‘Water footprint’ data to steer farming onto greener path

global_food_security_11.jpg

Precise data on water usage will soon help farmers and policymakers make better decisions on where to grow crops, says Derk Kuiper from the Water Footprint Network, a UN-backed organisation.

Kuiper believes that better information about water usage will lead to more efficient agricultural production as the data can help pinpoint where to grow high-water demand crops that are essential to Europe's food security.

For example, producing crops like wheat and rice, which demand a substantial amount of water, is not efficient in Spain, where temperatures are higher and the sun brighter.

This, he said is "quite a waste of water because you have other regions in Europe that would be much better suited for the production of foodstuffs".

While this kind of debate has not yet officially started, Kuiper is convinced it will soon greatly influence decisions on national food security. "We will see this coming," Kuiper said, adding "there might actually be an opportunity to start opening those discussions at European level".

Kuiper believes the water footprinting methodology can help craft better policies in specific river basins, as the data helps to understand the water consumption of all economic sectors around a particular river or lake.

The method allows to compare the value that different sectors bring to society and the development of strategies to deal with water scarcity and pollution, he explained.

Economics of water footprint

Water footprinting can also play a role as an indicator in the debate on the pricing of ecological services, as well as trade and investment policies, Kuiper added.

The water footprint network has produced a report – which is not yet public – for the United Nations Environment Programme (UNEP) on the use of water footprinting as a sustainability indicator in various policy initiatives, both at global and local level.

The network, launched ten years ago, has the support of the WWF and businesses such as Coca-Cola and Nestlé. It hopes to achieve a transition towards fairer and more efficient use of freshwater resources worldwide, as growing industrial activity has intensified competition for water.

Asked about possible ways to offset water consumption, in a similar vein to carbon emissions, Kuiper admitted that this would be almost impossible to achieve. "Talks about how a market of water offset credits are increasing," Kuiper said, "but nobody knows how to do it".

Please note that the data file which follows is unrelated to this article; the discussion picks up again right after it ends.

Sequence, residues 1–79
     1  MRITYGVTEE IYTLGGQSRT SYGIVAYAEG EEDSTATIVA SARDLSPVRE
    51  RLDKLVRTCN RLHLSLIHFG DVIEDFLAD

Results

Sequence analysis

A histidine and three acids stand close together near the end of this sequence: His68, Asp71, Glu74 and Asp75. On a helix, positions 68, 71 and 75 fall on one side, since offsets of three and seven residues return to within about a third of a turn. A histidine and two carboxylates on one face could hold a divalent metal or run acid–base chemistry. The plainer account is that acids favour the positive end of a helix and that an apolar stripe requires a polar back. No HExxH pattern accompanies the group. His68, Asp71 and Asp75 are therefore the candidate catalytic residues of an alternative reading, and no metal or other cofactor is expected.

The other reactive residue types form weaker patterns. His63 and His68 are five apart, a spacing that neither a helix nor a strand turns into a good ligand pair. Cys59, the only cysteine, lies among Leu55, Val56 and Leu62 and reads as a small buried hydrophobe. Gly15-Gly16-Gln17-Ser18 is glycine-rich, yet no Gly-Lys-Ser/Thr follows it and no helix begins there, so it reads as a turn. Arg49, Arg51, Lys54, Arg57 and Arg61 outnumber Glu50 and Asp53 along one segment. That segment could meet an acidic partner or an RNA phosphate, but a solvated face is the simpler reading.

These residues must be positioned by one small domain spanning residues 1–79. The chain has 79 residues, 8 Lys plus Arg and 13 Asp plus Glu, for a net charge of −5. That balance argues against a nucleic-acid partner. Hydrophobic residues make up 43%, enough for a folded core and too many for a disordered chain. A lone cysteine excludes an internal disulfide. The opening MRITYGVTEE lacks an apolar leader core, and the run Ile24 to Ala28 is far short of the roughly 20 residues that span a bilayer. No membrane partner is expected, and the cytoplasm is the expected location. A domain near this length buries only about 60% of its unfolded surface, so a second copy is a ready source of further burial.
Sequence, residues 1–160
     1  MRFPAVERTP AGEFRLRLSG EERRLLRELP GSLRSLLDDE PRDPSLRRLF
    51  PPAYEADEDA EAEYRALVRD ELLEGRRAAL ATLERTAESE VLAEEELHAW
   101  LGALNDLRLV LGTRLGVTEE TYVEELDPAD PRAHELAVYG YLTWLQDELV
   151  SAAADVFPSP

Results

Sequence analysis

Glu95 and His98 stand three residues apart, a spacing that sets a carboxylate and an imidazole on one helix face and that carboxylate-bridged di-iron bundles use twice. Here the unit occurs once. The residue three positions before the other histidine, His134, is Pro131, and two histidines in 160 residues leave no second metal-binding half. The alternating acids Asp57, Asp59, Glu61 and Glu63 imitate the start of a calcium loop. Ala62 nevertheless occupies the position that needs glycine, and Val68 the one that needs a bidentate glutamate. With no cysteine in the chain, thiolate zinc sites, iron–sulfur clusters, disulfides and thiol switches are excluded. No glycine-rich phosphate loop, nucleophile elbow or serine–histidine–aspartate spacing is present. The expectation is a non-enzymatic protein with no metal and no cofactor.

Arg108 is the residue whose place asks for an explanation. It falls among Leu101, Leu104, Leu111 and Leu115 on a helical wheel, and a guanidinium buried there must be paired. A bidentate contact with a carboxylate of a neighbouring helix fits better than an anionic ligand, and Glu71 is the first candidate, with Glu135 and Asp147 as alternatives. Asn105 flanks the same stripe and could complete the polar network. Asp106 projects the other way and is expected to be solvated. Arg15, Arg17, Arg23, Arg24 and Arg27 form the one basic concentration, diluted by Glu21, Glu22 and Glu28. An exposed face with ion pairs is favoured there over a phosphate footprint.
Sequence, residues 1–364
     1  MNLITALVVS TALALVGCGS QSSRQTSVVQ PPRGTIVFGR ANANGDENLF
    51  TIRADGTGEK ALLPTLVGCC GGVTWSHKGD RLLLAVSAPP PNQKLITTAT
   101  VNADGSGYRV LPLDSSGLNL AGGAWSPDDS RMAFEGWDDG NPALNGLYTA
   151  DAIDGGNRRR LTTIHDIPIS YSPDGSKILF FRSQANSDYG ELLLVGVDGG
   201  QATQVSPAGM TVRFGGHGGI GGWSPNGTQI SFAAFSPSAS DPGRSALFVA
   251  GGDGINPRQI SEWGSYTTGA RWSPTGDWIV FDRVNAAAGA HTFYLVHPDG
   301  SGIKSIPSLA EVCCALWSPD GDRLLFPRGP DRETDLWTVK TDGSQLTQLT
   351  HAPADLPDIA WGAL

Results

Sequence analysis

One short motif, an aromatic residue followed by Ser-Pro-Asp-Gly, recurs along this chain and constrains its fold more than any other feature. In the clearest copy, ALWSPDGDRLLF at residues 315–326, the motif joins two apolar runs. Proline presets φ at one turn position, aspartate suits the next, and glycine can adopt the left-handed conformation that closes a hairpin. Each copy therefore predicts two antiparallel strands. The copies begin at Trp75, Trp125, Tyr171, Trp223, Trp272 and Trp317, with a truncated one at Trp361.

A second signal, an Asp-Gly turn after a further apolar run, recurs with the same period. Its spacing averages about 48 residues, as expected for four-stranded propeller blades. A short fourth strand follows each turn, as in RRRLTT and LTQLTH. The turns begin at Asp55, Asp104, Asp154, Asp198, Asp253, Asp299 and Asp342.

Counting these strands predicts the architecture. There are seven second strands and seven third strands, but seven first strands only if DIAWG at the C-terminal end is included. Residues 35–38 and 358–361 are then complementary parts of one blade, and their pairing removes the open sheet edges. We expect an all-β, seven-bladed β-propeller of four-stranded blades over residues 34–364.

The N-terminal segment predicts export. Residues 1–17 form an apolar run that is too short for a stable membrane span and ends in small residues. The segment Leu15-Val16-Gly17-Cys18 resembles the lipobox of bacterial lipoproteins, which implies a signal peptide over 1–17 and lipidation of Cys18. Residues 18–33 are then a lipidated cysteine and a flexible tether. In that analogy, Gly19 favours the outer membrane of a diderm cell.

Towards water footprint standard

In the long run, Kuiper hopes a global method will emerge to perform water footprinting assessments across a range of industries. "We hope to bring together the science, practitioners and other stakeholders in the community around water management and drive forward the development of the standard," he said.

An initial version of standards for water footprinting was produced in 2009 in order to bring everybody to the same starting point. A revised version of the manual will be published in February 2011, together with updated data on the water footprint of nations and products.

Focus on agriculture

The lack of good quality datasets, however, remains a major problem in accurately measuring water footprints and is preventing the idea from fulfilling its potential to help localised water management, Kuiper said.

Another challenge is missing information on water use and consumption in sectors other than agriculture and food production, he said. This is because the water footprint and virtual water trade debates originated from food security issues and that is where the main numbers are, he stressed.

To read the interview in full, please click here.

The water footprint network is a Netherlands-based organisation established in 2008 that promotes sustainable and equitable water use worldwide through the promotion of the water footprint concept.

It originates from cooperation between the UNESCO Institute for Water Education (IHE), WWF, Coca Cola, Nestlé, the World Business Council for Sustainable Development (WBCSD) and Arjen Y. Hoekstra, who created the idea of water footprint some ten years ago. That group has since expanded.

UNESCO IHE is the body devising the methodology and putting numbers to the methodology of water footprinting. The methodology itself stemmed from the work of Tony Allan, who investigated the issue of virtual water and virtual water trade.

Subscribe to our newsletters

Subscribe
Contribute